The bond between humans and dogs is long-established and enduring. Over thousands of years, extraordinary things happen in this life-changing partnership. Despite the fact that the understanding between humans and dogs is high, our communication with our dogs can easily go astray.
Taking the time to work out efficacious communication strategies with your canine can make all the difference. Whether your canine is from a shelter or a breeder, a companion or working dog, remember that all dogs are unique individuals and their history might affect your communication approach. Here is our compilation of tips to enhance communication with your beloved pup.
Give Cue Command Once
We often have the habit of repeating commands, especially when we are eager that our canines jump right into action. This may result in your canine misinterpreting your command. Your dog can interpret that it is optional for them to comply at the first, second, and thereafter cue. It is therefore more effective to give cue words once so that your dog will understand that he should comply immediately at the first cue.
Acknowledge the Action
When your pooch successfully accomplished its mission, it is important to give it a signal as acknowledgment. The signal should be a consistent body gesture, verbal signal, or even a clicker. This would tell your dog what it did correctly and that it has earned its treat. One example is by saying “yes” each time your dog complied with your command. A hand signal like opening up your fist when your pooch is obedient is useful for a dog with hearing impairs. To motivate their compliance, offer them a treat within 1-3 seconds after your acknowledgment signal.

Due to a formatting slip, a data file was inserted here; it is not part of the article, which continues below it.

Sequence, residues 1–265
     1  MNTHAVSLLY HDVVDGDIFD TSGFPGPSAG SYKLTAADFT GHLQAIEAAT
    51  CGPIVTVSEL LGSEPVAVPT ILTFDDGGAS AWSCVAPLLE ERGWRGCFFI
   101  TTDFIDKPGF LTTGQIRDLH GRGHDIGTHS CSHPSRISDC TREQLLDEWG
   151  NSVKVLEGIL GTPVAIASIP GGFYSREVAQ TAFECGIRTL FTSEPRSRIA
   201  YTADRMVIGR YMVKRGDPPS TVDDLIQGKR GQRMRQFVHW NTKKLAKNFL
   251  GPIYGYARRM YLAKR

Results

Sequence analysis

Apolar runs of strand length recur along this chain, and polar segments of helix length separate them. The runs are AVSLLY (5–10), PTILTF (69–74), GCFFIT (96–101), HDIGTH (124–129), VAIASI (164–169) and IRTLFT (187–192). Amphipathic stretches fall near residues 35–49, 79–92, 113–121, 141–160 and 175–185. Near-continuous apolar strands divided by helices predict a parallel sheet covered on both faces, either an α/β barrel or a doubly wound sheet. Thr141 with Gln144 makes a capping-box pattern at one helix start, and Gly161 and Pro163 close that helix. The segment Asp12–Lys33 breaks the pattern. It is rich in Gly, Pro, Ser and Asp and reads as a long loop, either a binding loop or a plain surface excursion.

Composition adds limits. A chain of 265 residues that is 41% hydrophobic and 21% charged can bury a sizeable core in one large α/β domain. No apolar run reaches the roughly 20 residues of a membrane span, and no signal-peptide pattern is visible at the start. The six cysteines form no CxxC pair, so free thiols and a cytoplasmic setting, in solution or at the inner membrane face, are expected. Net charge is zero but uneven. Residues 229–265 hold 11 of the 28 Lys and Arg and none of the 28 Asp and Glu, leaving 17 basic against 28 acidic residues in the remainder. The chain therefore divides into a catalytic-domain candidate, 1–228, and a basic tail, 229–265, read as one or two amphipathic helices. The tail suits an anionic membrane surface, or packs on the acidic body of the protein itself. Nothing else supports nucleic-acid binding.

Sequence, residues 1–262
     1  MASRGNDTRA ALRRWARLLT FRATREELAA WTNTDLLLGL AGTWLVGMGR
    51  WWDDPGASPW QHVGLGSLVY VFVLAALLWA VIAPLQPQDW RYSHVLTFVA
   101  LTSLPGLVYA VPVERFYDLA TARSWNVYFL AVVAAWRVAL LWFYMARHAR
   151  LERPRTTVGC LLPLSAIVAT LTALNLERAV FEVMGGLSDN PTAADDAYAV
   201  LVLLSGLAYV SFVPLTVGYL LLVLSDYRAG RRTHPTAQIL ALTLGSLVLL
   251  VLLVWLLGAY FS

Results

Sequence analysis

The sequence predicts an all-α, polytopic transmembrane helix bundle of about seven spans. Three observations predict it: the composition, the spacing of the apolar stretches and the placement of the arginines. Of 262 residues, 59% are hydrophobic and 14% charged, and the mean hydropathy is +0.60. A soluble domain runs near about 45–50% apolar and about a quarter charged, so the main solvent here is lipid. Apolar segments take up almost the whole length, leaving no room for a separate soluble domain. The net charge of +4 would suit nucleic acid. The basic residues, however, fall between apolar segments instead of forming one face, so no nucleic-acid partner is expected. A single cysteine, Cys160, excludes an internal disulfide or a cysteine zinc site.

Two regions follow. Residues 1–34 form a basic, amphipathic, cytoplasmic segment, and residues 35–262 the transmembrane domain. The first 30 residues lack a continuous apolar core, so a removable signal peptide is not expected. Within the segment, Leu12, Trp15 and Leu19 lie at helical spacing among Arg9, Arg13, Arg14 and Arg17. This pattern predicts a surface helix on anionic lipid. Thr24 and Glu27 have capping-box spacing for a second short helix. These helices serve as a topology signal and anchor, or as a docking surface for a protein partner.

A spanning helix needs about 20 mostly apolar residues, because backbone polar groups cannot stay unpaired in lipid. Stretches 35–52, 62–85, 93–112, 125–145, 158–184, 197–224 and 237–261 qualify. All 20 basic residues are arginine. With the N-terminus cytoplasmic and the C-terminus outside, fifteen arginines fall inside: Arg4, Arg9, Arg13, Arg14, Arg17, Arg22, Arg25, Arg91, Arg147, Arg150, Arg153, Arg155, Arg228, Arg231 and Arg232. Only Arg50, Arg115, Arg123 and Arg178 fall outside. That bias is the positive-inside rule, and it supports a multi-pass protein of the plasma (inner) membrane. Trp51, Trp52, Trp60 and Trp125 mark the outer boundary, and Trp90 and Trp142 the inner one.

Add Hand and Body Gestures
Dogs are sharp at detecting and observing body language. Pairing a verbal cue with a hand signal or body gesture can ease your dog’s understanding of the command.
Use Alternatives to No
Instead of telling your dog no, a better way of communication would be to educate which behaviors are desirable. You can effectuate this by replacing no with another command. For example, if your dog gets excited and pops her nose on your pizza, say “Leave it!”.
Release From Action
Your dog needs to comprehend when the exercise has been completed. You can round up the exercise process by transmitting a release word to your canine. Upon hearing or sighting the signal of release word, your dog will understand that it is allowed to be free. The choice of the release word is important. Some dogs might be confused with words that are frequently used in daily conversation, such as “ok”. For example, when you are ready to release your dog from its sitting position, you can say “free”.
Be patient when it comes to training your dog, increasing the challenge progressively. Start with learning a skill in a quiet and familiar environment, such as your home. When your dog has mastered the skill at home, you may progress to practice the skill in the park.
Effective communication is not just about giving orders, it can deepen your human and dog bond and take away frustrations of communication blunders. Show your canine how you covet them to behave in the language they comprehend and be amazed by the results!